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Infect Immun. 2008 Nov;76(11):5173-80. doi: 10.1128/IAI.00019-08. Epub 2008 Aug 18.

Mycobacterium bovis BCG immunization induces protective immunity against nine different Mycobacterium tuberculosis strains in mice.

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  • 1Laboratory of Mycobacterial Diseases and Cellular Immunology, Center for Biologics Evaluation and Research, United States Food and Drug Administration, Bethesda, Maryland 20892, USA.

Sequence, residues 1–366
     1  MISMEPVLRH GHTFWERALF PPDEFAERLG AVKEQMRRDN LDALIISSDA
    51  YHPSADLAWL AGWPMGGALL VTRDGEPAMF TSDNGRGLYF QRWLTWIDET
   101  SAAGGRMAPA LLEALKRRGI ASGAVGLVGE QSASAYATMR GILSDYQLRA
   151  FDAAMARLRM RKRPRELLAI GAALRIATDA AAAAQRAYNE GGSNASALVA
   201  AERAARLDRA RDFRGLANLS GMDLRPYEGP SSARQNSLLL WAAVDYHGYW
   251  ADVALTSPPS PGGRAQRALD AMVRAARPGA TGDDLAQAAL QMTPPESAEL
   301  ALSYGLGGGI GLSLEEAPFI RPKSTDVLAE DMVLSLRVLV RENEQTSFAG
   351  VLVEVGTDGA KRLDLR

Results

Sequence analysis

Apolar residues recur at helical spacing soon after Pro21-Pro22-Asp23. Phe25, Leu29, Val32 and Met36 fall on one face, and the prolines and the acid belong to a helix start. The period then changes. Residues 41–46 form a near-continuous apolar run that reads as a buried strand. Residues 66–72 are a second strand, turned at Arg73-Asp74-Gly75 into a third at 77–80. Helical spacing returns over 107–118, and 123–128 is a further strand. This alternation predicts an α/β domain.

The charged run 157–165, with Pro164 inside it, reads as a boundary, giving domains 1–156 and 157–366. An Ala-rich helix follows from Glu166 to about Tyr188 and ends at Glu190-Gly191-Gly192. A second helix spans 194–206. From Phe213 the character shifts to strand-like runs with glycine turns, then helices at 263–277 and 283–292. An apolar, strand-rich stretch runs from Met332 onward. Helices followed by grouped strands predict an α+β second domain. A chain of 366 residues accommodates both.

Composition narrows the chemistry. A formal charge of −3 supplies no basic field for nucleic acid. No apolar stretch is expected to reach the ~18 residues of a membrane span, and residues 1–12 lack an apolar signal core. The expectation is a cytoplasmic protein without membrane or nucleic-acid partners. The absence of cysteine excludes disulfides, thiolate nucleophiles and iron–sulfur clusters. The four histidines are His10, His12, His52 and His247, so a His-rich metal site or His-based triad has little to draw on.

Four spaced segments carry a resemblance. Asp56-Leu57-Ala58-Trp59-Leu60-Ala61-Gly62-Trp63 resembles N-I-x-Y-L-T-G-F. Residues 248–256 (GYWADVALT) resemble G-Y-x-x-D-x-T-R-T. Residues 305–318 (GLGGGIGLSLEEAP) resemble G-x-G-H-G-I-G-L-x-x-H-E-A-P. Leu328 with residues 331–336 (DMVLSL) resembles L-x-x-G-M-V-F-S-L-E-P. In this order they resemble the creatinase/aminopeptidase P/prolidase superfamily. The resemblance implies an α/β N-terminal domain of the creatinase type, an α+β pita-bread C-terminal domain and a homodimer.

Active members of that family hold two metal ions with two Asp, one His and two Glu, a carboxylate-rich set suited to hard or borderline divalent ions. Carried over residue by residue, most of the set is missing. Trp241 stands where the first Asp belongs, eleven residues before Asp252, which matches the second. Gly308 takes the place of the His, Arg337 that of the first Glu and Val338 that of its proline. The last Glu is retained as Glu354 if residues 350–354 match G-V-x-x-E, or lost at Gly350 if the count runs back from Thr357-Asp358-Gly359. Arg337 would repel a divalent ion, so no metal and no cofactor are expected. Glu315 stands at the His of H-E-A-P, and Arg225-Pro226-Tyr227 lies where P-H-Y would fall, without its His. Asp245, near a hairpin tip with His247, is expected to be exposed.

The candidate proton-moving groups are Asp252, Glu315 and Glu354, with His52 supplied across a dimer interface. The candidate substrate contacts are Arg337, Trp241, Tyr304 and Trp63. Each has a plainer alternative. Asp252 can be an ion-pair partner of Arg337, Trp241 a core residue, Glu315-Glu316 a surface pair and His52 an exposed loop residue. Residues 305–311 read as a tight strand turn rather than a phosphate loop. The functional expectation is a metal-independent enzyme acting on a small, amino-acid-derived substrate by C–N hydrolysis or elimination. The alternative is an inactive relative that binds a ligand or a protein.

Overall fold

Recent preclinical and epidemiologic studies have suggested that certain Mycobacterium tuberculosis genotypes (in particular, Beijing lineage strains) may be resistant to Mycobacterium bovis BCG vaccine-induced antituberculosis protective immunity. To investigate the strain specificity of BCG-induced protective responses in a murine model of pulmonary tuberculosis, C57BL/6 mice were vaccinated with BCG vaccine and then challenged 2 months later with one of nine M. tuberculosis isolates. Four of these strains were from the W-Beijing lineage (HN878, N4, NHN5, and ChS) while four were non-Beijing-type isolates (C913, CDC1551, NY669, and NY920). As a control, the WHO standard M. tuberculosis Erdman strain was evaluated in these vaccination/challenge experiments. To assess the protective responses evoked by BCG immunization, organ bacterial burdens and lung pathology were assessed in vaccinated and naïve mice at 4, 12, and 20 weeks postchallenge as well as during the day of infection. At 4 weeks after the aerosol challenge with each of these strains, significantly reduced bacterial growth in the lungs and spleens and significantly improved lung pathology were seen in all vaccinated animals compared to naïve controls. After 12 weeks, reduced organ bacterial burdens were detected in vaccinated animals infected with six of nine challenge strains. Although lung CFU values were lower in vaccinated mice for only three of nine groups at 20 weeks postchallenge, significantly decreased lung inflammation was seen in all immunized animals relative to controls at 20 weeks postchallenge. Taken together, these data demonstrate that BCG vaccination protects against infection with diverse M. tuberculosis strains in the mouse model of pulmonary tuberculosis and suggest that strain-specific resistance to BCG-induced protective immunity may be uncommon.

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